Q: You talk about bargaining with God and even encourage readers to “wrestle with God” in difficult times. What were some of the questions you had for God in the early years of raising Isaac and Isaiah?

I would actually pray for forgiveness from God for wanting to adopt because I sometimes worried about what it was doing to our family. It definitely took away the tranquility in the house. I am a huge peace-lover and maker. I crave quiet spaces. I also asked my husband to forgive me for pushing for adoption, but he never once wavered or questioned our decision. That helped me a lot in the twins’ younger years when they were so, so hard to care for.

I still have a lot of questions for God where disabilities and pain in the world are concerned. However, I do know the devil hates humans and wants them to suffer because we are created in God’s image. Still, God’s ways are not our ways, and I truly believe He will use our struggles for His purpose and glory if we let Him.

Q: What have your boys taught you about God, and how has your faith grown by being their mom?

The boys have taught me more about everything in life and especially about God. I’ve never seen greater faith than theirs. I’ve never seen joy such as theirs. The twins have amazing faith. To me, they’re spiritual giants. Their faith in God inspires me every single day. Their spirits aren’t at all disabled. Their spirits are as healthy as yours and mine and probably even more so because of their childlike faith.

They are very tender-hearted toward the Lord, and they know to turn to Him for help. Just a few days ago we had a situation that made Isaac anxious. He asked if we could all pray,so we stood in a circle and prayed. He sobbed like a baby, crying out to the Lord for help. That is faith. Without faith it’s impossible to please God (Hebrews 11). Their faith amazes me. I am eager to interact with them in heaven when they are completely healed and to talk to Jesus about them and how their prayers affected heaven. They are true prayer warriors. When I need prayer, I ask them to pray because of their great faith.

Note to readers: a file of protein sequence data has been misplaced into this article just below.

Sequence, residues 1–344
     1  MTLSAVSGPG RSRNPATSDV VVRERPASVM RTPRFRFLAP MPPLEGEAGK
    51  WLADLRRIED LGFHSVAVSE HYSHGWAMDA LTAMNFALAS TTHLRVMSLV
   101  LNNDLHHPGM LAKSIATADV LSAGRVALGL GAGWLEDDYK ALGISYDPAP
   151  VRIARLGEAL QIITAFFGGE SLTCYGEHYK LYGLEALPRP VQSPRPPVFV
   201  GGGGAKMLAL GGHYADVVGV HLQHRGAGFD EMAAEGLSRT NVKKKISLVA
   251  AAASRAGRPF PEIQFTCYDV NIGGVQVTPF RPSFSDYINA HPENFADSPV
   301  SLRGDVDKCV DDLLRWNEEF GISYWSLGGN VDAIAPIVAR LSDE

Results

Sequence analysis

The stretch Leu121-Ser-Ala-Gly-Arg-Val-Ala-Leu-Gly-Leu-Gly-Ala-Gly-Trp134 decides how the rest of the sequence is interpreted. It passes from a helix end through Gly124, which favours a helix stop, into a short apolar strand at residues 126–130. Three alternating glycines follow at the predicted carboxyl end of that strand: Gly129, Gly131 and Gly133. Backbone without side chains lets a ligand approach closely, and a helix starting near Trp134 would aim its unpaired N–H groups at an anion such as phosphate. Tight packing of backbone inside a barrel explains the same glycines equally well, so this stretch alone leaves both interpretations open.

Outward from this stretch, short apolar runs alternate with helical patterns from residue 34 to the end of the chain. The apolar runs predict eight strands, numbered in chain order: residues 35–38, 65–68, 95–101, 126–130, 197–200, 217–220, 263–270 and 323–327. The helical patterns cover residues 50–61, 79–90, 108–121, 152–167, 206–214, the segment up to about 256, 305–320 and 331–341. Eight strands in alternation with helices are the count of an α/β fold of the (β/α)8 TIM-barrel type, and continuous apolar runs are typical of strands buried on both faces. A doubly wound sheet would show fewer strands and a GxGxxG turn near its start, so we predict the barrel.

They’ve taught me what’s important in life. I’m not as materialistic as I might have been otherwise because autism doesn’t allow you to have breakables. Doors get kicked in. Walls get holes in them. Furniture gets mauled. They’ve taught me not to sweat the small stuff. My tolerance for imperfection is extremely broad because of them. Societal constraints don’t worry me. Our yard might not be the prettiest in the neighborhood because we’re so busy supervising the twins, but the love in our house is immeasurable. It’s far from perfect, trust me, but when I focus on the blessing these boys are to others (they love serving people), I’m deeply humbled. I wish I could be as sweet as they are.

My faith has grown as theirmom because what the world said could never happen, God made happen. When doctors told me they were microcephalic, I refused to accept it. As I mentioned earlier, I constantly laid my hands on their heads and told them to grow. They have normal-sized heads now. Doctors said they’d not walk, butthey walk. Doctors said they wouldn’t read or do much independently,and with God’s grace we’ve proved them wrong.

Q: Tell us about Isaac and Isaiah today. In what ways are they able to function independently in ways the doctors never expected? In what areas do they still need help?

They do so many things on their own! They have a golf cart they use for transportation to their part-time jobs and other places in town. Fortunately, we live in a community that allows it. They use their smartphones and iPads to communicate and read things. They attend church and help with various duties there. Isaac helps with the sound system, and Isaiah loves helping in children’s church. They are amazing helpers. They love helping people.

The twins will probably always need to live with someone who can protect them from being taken advantage of. They have a difficult time counting money, so it’s easy to cheat them. They can also be talked into doing things, as they are quite na├»ve and gullible. They have dual-diagnoses of fetal alcohol disorder and intellectual disabilities, so that makes dealing with them a bit more involved. They still need to have reminders for daily self-care and function at about the level of an 8-to11-year-old. They still need to be prompted to do their daily chores (don’t we all?) and so forth.